In the future we want to create a clearer characterization of different members of the same gene family as precA. Our assumption is that DNA damage leads to the successive activation of the different rec genes are activated dependent on the UV radiation dose. By implementing also these genes we want to generate a more gradual UV-response. The successive induction of the different rec promoters could help to determine the exact amount of radiation. This is important to provide the bacterial tool kit with the properties of a dosimeter. We started testing precB and preC. PreB lead to a positive result, whereas induction of preC did not result in the generation of the reporter. Cloning of this part will be repeated.

For the iGEM competition we only tested our constructs by exposing the samples to UV light. We have not analyzed whether the construct would also work with radioactive radiation. Radioactive radiation causes DNA damage different from UV-induced DNA damage, therefore it is not for sure whether precA is activated in the same way as with UV radiation. In principle, we assume that the induction by radioactive radiation would work because the recA promoter is known to be activated by the induced damage. We could not test our constructs with radioactive radiation, because we did not have the right equipment.

We also want to include the constructs with a GFP reporter instead of LacZ in our iGEMS collection. GFP cannot be seen by a color change of the bacterial suspension and normally you need further detection systems for GFP, because it has to be excited by a specific wavelength. To overcome this challenge, we want to combine the iGEMS with LED lamps. LEDs emit light of a certain wavelength, e.g. blue light with 460 nm which is the excitation wavelength of GFP. Therefore, we can make GFP visible using blue LEDs. Furthermore, we could also develop a construct with dtTomato, a very light, red-orange fluorescent protein, as another reporter. By using different fluorescent reporters we could generate a color range from green to orange to red with just one single blue LED.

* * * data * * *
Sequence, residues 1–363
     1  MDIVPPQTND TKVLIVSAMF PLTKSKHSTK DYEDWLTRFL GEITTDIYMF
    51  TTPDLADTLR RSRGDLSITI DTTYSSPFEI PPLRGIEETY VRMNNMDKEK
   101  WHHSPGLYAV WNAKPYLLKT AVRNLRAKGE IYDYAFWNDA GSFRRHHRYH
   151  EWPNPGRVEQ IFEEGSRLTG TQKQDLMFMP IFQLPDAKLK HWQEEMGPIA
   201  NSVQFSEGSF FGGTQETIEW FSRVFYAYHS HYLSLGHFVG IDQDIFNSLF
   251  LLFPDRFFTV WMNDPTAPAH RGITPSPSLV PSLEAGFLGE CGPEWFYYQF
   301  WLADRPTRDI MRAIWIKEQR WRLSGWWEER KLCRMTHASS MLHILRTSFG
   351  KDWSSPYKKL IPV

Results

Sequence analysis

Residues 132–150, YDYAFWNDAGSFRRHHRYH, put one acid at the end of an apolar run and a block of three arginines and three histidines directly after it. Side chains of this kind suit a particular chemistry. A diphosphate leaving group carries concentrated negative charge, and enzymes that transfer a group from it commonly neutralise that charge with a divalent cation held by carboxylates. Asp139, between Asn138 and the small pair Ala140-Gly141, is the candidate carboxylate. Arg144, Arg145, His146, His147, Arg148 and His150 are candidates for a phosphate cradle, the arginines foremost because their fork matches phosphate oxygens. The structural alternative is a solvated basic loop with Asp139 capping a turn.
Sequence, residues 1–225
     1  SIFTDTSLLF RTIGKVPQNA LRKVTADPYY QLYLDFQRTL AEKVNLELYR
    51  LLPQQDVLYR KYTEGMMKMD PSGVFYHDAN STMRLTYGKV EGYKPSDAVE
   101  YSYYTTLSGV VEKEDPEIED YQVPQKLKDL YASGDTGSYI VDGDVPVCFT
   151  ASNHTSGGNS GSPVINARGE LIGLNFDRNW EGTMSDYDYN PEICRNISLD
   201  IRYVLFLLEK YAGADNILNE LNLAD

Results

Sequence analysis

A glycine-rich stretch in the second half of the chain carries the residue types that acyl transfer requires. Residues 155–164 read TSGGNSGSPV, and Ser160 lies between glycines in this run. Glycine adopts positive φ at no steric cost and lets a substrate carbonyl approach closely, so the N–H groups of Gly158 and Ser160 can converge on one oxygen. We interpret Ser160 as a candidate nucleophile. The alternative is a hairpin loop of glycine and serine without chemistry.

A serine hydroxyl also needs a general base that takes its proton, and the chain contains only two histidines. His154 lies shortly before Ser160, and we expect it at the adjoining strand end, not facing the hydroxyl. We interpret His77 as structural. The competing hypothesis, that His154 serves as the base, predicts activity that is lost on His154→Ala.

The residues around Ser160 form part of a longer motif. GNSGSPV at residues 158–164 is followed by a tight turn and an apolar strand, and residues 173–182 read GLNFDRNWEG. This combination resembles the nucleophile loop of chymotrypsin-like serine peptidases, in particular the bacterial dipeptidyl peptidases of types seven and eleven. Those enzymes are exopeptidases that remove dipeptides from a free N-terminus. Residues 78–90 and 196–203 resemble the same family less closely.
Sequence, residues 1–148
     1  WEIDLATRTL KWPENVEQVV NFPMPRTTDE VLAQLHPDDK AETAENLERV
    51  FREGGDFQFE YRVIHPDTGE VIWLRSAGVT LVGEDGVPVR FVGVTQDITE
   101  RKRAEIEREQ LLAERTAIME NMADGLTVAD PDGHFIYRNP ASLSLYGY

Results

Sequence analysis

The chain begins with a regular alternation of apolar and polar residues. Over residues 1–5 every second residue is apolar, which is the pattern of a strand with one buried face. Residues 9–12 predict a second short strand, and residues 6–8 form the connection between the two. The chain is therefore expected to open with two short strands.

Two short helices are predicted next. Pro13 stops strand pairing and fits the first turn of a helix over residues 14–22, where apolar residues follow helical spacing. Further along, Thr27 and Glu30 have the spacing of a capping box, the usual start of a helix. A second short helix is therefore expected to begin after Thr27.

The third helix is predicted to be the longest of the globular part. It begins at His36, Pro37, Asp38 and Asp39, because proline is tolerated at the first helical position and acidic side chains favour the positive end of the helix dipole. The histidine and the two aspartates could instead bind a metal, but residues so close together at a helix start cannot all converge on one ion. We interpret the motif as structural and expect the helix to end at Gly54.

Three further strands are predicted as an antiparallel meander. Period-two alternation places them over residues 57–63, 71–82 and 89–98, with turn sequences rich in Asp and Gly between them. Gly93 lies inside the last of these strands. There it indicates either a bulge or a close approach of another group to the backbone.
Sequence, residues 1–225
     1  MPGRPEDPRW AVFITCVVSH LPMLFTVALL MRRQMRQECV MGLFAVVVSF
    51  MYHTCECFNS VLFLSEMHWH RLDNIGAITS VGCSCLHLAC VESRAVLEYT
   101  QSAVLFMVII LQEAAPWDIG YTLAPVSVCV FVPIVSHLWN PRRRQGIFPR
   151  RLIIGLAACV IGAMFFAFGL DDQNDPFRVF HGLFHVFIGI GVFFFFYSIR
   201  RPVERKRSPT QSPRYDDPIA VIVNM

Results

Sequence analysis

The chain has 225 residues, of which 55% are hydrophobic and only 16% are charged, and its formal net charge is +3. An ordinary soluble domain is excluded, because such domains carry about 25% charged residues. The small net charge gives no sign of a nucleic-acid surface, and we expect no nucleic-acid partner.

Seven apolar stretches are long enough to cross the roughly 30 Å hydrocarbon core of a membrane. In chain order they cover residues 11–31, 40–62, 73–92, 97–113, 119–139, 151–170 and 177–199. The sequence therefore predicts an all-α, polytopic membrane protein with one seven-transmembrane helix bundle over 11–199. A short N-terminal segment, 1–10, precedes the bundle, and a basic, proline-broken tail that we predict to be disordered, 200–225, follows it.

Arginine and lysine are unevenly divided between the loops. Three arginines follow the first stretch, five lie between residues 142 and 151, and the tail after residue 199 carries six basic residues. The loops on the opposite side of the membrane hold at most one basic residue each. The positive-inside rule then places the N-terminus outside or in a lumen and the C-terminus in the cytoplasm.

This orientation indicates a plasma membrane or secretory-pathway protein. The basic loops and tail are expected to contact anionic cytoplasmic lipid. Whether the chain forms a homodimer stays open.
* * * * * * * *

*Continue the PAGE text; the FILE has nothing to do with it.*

The system still has to be optimized for real life application. Therefore, it has to be adapted to the sensitivity of mammalian cells towards UV-induced DNA damage. Among other things this would include optimization of the bacterial container which might absorb a certain amount of UV radiation.
Our project comprises a novel idea and opens up new perspectives, especially in Human Practices. The integration of the bacteria into jewelry represents a completely new and consumer-friendly solution to give the public an understanding of synthetic biology. We found an easy way for everyone to protect themselves from sunburn. The method to use dosimeters is old-fashioned, complicated and expensive. Lying on the beach, nobody uses dosimeters because they are too big and uncomfortable. Not only do our fancy iGEMS warn people from too intense UV radiation but also are trendy accessories!

We are looking forward to the iGem HS Jamboree 2012 and to presenting our work to the other teams from all over the world. We hope to get into contact with other pupils interested in synthetic biology.


Three different UV-Sensor parts constructed and submitted to the registry
All parts were characterized carefully and show a UV-dose-dependent color-production
Outdoor-Test shows our parts to be working in a real application context
Human Practices - consumer product development for raising the public awareness of the “invisible danger” and presenting our project in an easy-to-understand way
Finally, we learned a lot about synthetic biology, laboratory methods and had a great time working together on our project, and are now looking forward to meeting the other teams at the iGEM HS Jamboree!